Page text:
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Partisan think tanks: a double-edged sword

[Editor’s note:  This is the third of a series of blogs by Claudio Jones on partisan think tanks. The first post can be read here, and the second post can be read here.]

In the previous two posts, I have focused on the issues of defining think tanks and the roles they play. Within this broader definition of a think tank and the roles they play, the partisan think tank has its specificities. Non-partisan think tanks may be reluctant to address the parties, and may stay at the margin of the political arena. On the other hand, partisan think tanks may focus excessively on their direct partners and may overlook the relevance of the wider public.

By way of conclusion, partisan or internal think tanks are devoted to producing social research and, eventually, to promoting research and ideas of political consequence. They play simultaneous roles, working on the meanings of policy as well as generating some impact on the political process. Underlying this logic one may find that a think tank that exclusively provides expert advice for decision-makers may be called a consulting group or an intelligence unit rather than a think tank. As challenging as it may seem, think tank organizations –associated or not to political parties- cannot just ignore their political role lest they are reduced to an accessory role (however strategic) in favor of other organizations’ success or sustainability.

In the Internet era, which is the era of global information, the opportunity to serve society at large as well as some of the key players (stake holders) of the economic and political spheres, thus contributing to the provision of public goods in the future, is paramount. There may be no reason for just having an impact on those actors whose decisions bears on society vis-à-vis segments of citizens that are increasingly aware of political issues pertaining to the public agenda.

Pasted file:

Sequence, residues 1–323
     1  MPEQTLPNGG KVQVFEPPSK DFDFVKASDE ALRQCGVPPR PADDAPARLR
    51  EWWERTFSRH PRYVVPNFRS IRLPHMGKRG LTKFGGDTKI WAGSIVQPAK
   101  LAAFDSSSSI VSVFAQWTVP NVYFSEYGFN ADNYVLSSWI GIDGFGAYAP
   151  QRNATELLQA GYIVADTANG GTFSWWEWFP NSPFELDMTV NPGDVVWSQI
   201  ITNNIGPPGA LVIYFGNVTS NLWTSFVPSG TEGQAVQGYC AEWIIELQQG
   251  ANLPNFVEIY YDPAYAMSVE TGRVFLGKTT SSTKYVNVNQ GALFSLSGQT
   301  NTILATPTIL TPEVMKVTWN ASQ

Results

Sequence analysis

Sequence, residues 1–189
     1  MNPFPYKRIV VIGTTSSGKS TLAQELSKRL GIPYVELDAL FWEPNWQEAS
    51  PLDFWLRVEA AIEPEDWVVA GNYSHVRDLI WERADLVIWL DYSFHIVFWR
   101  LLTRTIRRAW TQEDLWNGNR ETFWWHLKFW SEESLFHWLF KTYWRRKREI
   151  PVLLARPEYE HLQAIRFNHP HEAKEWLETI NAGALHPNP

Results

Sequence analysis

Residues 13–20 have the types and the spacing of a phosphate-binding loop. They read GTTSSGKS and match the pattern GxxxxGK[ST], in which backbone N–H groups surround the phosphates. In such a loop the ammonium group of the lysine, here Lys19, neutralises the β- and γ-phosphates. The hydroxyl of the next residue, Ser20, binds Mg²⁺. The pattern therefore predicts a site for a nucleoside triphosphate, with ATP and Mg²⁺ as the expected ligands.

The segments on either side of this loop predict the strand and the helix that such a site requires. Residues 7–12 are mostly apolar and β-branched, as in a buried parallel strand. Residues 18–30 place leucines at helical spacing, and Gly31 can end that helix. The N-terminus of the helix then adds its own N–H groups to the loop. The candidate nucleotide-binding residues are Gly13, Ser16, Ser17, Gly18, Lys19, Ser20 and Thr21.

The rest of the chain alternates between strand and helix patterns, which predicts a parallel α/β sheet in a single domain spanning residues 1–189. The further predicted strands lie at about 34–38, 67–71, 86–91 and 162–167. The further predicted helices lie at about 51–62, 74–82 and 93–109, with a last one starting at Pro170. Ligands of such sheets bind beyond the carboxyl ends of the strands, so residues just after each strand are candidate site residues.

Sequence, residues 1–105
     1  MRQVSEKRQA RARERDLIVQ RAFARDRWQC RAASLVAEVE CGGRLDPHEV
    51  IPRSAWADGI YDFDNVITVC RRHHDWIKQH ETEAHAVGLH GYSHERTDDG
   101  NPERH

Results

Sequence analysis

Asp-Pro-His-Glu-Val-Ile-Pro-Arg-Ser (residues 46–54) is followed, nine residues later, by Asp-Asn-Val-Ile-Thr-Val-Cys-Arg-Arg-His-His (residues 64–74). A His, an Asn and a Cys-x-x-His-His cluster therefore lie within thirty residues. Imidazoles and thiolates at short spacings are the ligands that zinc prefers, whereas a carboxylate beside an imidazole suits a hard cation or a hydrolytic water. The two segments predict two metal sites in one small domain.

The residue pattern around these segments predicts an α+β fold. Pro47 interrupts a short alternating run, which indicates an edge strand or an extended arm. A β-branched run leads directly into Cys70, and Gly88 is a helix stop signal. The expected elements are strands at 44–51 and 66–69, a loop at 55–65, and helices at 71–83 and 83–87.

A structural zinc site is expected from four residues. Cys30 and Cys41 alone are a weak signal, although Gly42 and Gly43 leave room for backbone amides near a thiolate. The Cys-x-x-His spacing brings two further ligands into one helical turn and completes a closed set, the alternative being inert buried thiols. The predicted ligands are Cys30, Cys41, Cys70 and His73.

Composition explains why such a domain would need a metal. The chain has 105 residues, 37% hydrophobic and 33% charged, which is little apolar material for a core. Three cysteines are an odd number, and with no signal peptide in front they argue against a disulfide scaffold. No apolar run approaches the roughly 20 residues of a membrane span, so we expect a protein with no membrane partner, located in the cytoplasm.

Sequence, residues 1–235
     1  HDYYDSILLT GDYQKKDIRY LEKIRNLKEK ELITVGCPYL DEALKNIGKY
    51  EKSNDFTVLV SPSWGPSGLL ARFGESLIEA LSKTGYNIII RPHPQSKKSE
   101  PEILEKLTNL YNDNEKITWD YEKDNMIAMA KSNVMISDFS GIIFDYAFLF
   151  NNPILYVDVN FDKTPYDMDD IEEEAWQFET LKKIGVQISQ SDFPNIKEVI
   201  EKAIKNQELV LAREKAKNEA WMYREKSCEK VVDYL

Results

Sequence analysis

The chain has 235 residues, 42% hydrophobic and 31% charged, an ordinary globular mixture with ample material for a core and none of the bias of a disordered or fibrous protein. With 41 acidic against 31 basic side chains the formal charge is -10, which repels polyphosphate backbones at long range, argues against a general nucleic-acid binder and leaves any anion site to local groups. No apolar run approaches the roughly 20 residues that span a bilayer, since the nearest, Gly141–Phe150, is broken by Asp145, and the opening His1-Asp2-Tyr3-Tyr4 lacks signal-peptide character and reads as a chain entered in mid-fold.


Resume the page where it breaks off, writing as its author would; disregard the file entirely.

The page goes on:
Great Britain’s Economic and Social Research Council is not hesitant to state that “[T]hink tanks are organisations whose purpose is to interest politicians in ideas. They supply political parties with broad concepts which can serve as the foundation for developing detailed policies”. After all, think tanks in general as well as partisan think tanks, in particular, are interested in the subject matter of public policy because they embrace certain social and economic objectives they wish to advance. In this sense, they can be considered as social actors as well as political actors in their own right. Crucially, think tanks should assume their political nature: they should address the political community that they belong to, thus contributing –if even modestly- to consolidate democracy or to strengthen the process of democratization.  Truly, this appears to be a major feat for think tanks and certainly for political actors such as parties.